Rowman & Littlefield
Clint Eastwood is a cinema icon, of course. As such, there have been numerous books about his life and career. This book by James L. Neibaur is a little different in that it focuses primarily on the westerns which made him an international star, a genre he would frequently revisit throughout most of his career. If you're a fan of those films, The Clint Eastwood Westerns is a must-read.
The book chronicles his early career as Rowdy Yates in the Rawhide TV series through what is likely his final western, Unforgiven. Presented chronologically, each film is given its own chapter, all loaded with behind-the-scenes information, critical analysis and cultural impact. Not surprisingly, the "Dollars" trilogy is discussed in the greatest detail, not only for what they meant to Eastwood's career, but their influence on cinema and how they redefined the western genre. As someone who personally hails The Good, the Bad and the Ugly as the greatest western of all time, this book offers details and fascinating info even I was unaware of, such as the growing animosity between Eastwood and director Sergio Leone.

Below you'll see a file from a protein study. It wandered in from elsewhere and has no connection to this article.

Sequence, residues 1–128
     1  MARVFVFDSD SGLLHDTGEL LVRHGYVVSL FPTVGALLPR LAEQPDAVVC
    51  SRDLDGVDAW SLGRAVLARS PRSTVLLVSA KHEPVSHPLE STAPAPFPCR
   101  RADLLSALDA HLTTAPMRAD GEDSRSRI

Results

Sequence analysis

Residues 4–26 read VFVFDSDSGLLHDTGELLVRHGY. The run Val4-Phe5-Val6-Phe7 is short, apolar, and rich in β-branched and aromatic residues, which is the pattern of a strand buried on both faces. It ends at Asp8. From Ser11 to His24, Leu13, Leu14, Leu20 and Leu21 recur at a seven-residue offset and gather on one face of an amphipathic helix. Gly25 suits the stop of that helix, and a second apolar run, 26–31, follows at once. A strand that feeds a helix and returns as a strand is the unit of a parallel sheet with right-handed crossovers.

Of course, Eastwood's career is not exclusively defined by his westerns, and in-between those films, Neibaur briefly chronicles those he made outside the genre. From a reader's perspective, these chapters are less interesting, as Neibaur tends to offer his own subjective assessment more liberally. This is especially apparent when he's damning the Dirty Harry sequels while praising Eastwood's attempts to shed his bad-ass image in insultingly stupid crapfests like The Gauntlet, the nadir of his 70s-era career.
Still, The Clint Eastwood Westerns is a great read in which we develop further appreciation for, not only his undisputed classics, but those he managed to make successful during eras when the western was essentially a dead genre.
Purr...like a good scratch behind the ears